reduced when butanol fraction from jujube leaf was present         countries. In particular, AD is a major neurodegenerative disease
in the PC12 cell media. In the MTT cell viability assay, the       and is characterized by loss of memory and cognition. Around
butanol fraction showed a protective effect against H2O2-          18 million people in the world suffer from AD, and this number
induced neurotoxicity and inhibited LDH release into the           is expected to rise to 34 million by 2025 (Hong et al., 2007).
medium (7.13-43.89%). Total phenols of the three solvent           Many studies have demonstrated that the brains of patients with
fractions were 72.50 (chloroform), 297.18 (butanol),               AD are subjected to increased oxidative stress due to free radical
and 17.93 (water) mg/g GAE. The predominant phenolic               damage (Murakami et al., 2000).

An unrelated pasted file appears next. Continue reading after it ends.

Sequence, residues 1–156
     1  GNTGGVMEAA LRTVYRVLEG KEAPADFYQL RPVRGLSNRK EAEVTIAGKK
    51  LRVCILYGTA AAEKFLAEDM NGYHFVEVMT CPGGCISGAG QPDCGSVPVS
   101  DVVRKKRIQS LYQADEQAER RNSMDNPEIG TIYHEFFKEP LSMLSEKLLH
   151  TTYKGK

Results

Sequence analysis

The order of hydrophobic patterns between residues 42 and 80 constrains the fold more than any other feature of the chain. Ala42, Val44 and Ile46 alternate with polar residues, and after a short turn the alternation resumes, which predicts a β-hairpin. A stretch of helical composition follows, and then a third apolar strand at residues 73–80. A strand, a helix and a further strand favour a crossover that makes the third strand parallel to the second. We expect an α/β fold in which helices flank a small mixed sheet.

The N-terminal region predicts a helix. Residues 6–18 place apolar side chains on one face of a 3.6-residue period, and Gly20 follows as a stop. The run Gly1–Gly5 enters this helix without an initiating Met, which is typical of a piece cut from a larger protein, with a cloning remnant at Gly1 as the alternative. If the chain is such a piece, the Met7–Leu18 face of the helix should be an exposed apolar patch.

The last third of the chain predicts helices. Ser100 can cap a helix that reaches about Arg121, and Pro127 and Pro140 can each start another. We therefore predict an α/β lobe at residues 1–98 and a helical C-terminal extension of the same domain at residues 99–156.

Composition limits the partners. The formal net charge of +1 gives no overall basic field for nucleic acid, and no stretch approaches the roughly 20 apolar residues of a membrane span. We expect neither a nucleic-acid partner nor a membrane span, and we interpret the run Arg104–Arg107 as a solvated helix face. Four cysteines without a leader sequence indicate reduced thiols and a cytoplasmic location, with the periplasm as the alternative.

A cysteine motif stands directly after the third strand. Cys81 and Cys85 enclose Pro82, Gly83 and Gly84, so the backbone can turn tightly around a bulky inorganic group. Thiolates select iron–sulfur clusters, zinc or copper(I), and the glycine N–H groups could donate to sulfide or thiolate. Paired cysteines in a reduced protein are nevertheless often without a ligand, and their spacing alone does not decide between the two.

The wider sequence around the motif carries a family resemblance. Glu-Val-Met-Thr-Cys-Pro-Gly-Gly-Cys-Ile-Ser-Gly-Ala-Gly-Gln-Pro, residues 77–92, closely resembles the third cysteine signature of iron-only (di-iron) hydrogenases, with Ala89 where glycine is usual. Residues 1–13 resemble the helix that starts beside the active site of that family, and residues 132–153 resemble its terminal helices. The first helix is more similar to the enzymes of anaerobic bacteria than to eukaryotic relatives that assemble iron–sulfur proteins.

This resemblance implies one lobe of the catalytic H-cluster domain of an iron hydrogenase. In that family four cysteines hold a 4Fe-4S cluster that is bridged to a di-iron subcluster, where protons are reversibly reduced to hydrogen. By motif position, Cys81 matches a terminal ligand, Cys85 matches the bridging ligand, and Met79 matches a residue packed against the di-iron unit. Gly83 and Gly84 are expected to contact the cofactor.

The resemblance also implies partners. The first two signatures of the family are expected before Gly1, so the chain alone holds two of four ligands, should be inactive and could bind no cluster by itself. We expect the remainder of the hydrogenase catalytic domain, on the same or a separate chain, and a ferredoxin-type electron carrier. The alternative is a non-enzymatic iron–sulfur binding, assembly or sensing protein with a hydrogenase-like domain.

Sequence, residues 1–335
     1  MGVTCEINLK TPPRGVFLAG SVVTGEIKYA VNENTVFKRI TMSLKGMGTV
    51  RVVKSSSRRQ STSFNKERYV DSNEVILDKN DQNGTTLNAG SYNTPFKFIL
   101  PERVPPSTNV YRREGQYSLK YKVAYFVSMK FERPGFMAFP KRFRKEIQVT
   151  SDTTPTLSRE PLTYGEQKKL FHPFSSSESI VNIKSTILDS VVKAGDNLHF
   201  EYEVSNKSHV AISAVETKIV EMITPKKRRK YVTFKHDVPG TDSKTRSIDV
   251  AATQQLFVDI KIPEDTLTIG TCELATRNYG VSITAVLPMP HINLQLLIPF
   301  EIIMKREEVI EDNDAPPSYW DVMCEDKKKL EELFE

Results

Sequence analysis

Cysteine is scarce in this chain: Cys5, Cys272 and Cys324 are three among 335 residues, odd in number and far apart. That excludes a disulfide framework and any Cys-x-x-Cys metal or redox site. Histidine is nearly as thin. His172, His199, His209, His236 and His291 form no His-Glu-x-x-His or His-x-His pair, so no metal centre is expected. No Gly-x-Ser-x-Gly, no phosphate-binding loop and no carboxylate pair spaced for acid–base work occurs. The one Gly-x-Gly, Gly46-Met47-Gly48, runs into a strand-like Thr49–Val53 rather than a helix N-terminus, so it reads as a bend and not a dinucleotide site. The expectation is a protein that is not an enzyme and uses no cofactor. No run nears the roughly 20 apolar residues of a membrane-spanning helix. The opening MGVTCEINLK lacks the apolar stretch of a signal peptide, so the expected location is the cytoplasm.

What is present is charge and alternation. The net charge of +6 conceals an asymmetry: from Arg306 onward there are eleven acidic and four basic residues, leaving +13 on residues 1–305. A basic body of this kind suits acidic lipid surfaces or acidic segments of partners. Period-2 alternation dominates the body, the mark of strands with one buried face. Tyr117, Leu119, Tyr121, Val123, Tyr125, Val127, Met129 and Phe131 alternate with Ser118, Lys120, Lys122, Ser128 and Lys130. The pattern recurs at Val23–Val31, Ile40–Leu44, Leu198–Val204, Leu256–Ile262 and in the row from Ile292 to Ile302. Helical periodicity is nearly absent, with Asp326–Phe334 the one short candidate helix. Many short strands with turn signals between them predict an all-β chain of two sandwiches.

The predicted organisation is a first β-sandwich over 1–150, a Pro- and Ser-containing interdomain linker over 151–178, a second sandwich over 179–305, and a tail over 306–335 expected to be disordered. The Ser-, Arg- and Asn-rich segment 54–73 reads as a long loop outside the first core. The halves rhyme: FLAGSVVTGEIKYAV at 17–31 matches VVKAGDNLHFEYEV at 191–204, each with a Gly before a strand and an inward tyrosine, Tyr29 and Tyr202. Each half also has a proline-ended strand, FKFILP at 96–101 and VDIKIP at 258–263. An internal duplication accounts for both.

compounds in jujube leaves are rutin (57.07 mg/100 g) and             Many phenolics protect neuronal cells from oxidative stress
quercetin (9.27 mg/100 g). These data suggest that butanol         induced by ROS or amyloid-β (Aβ) protein, and this may be
fraction from jujube leaf including phenolics may be useful        related to the pathogenesis of AD (Om et al., 2008; Park et
natural antioxidants to reduce the risk of neurodegenerative       al., 2001). Some phytochemicals from natural plant sources,
diseases including Alzheimer’s disease.                            including fruits and vegetables, may reduce the risk of AD because
                                                                   of their antioxidant properties that reduce oxidative insults
KEY WORDS: Antioxidants, Cell viability, Jujube leaf,              (Pinzo´n-Arango et al., 2009). Epidemiological observation has